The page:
Friday Jun 20 2008
'Auburn's biggest loser' sheds 40 pounds to win contest
By: Natalie Otis, Journal Correspondent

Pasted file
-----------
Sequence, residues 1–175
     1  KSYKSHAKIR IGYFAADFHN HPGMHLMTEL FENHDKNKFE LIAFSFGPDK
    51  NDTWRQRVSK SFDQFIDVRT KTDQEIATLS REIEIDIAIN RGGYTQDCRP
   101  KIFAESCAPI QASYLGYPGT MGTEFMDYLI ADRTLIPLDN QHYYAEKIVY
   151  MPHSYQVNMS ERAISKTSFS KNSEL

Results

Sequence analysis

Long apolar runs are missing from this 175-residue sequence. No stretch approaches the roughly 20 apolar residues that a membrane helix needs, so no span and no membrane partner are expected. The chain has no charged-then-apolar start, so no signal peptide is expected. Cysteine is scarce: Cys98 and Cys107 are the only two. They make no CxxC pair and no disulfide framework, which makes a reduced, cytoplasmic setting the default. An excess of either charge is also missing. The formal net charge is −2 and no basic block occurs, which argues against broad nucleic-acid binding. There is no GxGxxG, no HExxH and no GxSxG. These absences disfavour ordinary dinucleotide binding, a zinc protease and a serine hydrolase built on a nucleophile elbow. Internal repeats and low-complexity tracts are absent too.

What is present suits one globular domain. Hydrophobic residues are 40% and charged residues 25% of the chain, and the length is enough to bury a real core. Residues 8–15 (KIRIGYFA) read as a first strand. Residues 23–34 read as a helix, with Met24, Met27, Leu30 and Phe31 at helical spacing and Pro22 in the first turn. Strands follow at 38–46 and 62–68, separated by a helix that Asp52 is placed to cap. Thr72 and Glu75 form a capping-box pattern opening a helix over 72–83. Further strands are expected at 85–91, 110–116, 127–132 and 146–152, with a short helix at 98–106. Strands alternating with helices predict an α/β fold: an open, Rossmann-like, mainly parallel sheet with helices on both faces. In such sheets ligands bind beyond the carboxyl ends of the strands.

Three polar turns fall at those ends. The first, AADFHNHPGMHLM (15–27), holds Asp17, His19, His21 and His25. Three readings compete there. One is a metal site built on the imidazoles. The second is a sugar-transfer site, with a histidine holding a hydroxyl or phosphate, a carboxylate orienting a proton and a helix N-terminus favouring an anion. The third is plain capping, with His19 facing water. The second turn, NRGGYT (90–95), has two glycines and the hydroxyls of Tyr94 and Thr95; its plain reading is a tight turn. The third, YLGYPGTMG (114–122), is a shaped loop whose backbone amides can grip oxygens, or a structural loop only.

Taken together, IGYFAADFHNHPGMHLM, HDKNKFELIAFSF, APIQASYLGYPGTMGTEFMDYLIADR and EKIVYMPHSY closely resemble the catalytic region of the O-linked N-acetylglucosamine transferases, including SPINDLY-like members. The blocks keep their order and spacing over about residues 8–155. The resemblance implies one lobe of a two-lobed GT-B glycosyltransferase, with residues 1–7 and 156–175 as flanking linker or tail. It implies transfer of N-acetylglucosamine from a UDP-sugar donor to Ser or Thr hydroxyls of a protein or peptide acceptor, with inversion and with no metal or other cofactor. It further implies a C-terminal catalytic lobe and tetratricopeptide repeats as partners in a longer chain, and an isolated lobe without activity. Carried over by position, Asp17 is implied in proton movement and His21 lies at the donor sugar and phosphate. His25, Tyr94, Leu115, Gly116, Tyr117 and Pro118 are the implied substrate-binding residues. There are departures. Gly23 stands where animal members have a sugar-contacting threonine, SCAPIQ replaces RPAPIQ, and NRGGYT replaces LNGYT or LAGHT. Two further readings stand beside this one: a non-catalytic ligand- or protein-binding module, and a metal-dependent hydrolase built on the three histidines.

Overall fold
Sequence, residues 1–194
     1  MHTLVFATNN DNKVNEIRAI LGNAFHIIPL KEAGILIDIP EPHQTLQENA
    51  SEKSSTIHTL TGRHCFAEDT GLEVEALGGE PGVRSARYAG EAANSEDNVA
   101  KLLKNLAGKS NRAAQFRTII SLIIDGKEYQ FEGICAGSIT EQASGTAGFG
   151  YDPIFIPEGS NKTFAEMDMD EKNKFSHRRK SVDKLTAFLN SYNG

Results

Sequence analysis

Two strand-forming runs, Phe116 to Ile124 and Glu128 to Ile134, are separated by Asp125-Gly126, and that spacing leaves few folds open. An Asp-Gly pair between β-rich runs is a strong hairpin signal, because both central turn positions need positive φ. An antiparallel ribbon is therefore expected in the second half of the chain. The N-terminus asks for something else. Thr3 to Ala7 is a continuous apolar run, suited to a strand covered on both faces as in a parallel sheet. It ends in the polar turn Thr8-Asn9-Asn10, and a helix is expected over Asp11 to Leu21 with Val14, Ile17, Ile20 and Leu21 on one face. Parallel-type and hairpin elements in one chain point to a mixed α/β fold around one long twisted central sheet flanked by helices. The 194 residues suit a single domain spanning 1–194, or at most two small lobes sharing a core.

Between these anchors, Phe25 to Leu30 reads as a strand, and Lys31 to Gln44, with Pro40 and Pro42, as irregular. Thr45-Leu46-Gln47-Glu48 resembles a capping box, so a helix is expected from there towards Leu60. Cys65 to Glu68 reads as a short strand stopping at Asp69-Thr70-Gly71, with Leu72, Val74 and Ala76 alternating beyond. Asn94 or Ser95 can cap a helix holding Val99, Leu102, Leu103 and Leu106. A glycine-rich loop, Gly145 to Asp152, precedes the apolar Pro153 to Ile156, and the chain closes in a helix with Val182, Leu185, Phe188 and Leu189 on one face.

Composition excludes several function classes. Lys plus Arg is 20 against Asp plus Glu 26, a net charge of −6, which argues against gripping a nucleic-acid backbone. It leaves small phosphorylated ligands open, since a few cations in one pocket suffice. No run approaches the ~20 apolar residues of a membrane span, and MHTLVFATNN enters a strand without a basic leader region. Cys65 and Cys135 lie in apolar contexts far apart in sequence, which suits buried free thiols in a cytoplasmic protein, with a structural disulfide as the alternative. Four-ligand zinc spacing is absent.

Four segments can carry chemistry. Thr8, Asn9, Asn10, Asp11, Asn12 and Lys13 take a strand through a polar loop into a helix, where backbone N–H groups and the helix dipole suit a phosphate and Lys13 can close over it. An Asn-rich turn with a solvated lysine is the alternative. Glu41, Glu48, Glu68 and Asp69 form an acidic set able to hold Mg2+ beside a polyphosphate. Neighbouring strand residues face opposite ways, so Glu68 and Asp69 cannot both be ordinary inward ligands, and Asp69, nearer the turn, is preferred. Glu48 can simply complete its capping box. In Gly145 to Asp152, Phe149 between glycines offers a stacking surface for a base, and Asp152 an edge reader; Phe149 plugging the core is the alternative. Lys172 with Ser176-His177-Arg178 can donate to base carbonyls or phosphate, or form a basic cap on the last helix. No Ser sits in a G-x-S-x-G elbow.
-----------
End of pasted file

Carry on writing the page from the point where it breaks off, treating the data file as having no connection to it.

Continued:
Editor’s note: Journal correspondent Natalie Otis has followed the progress of contestants in the Auburn’s Biggest Loser contest, a 12-week weight loss challenge. It was an emotional grand finale for the final eight competing for the title of Auburn’s Biggest Looser Thursday morning. As each contestant placed their bare feet on the white scale at the Courthouse Athletic Club in Auburn for the final time — palms grew sweaty and hearts were racing. “I have really just tried to stay calm these last few days,” said contestant Lisa Swisley before her final weigh in. “I feel like I want to throw up,” said Kim Jenkin-Palaferri. Of the eight in the competition, the battle for the title ultimately came down to two — Swisley and Jenkin-Palaferri. Each of the women had been within a half pound of each other during the past few weigh-in sessions, however, in the end there could be only one. Jenkin-Palaferri was named Auburn’s biggest looser on Thursday morning and took the trophy, the title and the prize of a one-year membership to the Courthouse Athletic Club. The 41-year-old mother and professional photographer from Auburn lost 40 pounds in just 12 weeks. She started the competition at 202 pounds and was a svelte 162 at the final weigh in. “I am in a state of shock,” she said as she looked around the room at her family and newfound friends at the early morning event. With the emotions of the win leaving her speechless, each competitor rushed in with hugs and hearty pats on the back. “Can you believe it — 40 pounds,” said fellow competitor Diana Westin. Jenkin-Palaferri’s story is startling — she almost missed being a part of the competition at all. Jenkin-Palaferri was actually an alternate that was put into the group late as one of the initial contestants had to bow out after he couldn’t get a doctor’s release to compete. “Yeah, I almost never was in this. I don’t know what I would have done,” she said. “Next to child birth, this has been one of the most profound times in my life.” Jenkin-Palaferri said 13 weeks ago she was at the point where she weighed the most she had ever and was dependent on medications and insulin. “My doctor told me he was going to fire me as a client,” she said. “He said he felt there was nothing he could offer me anymore as a doctor and that I should seek someone else like an endocrinologist to have an insulin pump put in. My visit with him last week, he told me congratulations because I am completely off any medications.” Jenkin-Palaferri said that she credits her success to being in a competitive environment and working with others as part of a group. “I wanted to win,” she said. “I am competitive and this is what it took.” Jenkin-Palaferri is so competitive that her final push to win included working out four times a day and doing spin classes, boot camp classes with instructor and group leader Angela Martin, swimming, hiking and controlling her diet on a daily basis. “This is all a lot more fun and easy at this point,” she said. “This has been an unbelievable opportunity to work out with Angela (Martin) and an inspiring group of people who keep you going. I now want to be able to bike up Donner Summit.” Together contestants Jenkin-Palaferri, Swisley, Westin, Margaret Adolph, Danee Davis, Heidi Saiz-King, Don Barnes and Keith Turner lost a combined total of 219 pounds. Swisley was the runner up to Jenkin-Palaferri, loosing 36 pounds which was about 10 pounds more than the average contestant. The average was 27 pounds. Win or loose, the group has a winning attitude. When 61-year-old Adolph got on the scale Thursday morning, she screamed “I did it!” “I feel like bursting into tears,” she said. She didn’t clinch the competition but her personal goal was to get under 200 pounds and when the scale came up at 198 she cheered along with her teammates who gave hugs of support. “The support everyone has given eachother has been amazing,” Martin said. “It has truly been a pleasure working with everyone.” Most of the team plans to continue with Martin, who owns Adventure Here and offers one-on-one training in addition to boot camp classes through her company. The team says they credit her dedication and encouragement to their success. “This has absolutely been a defining moment. I realized what it takes to change my life,” Turner, who lost 25 pounds, said. “It takes lots of focus, willpower and help from someone like Angela Martin.” Natalie Otis is a freelance writer. E-mail her with health and fitness related story ideas at firstname.lastname@example.org.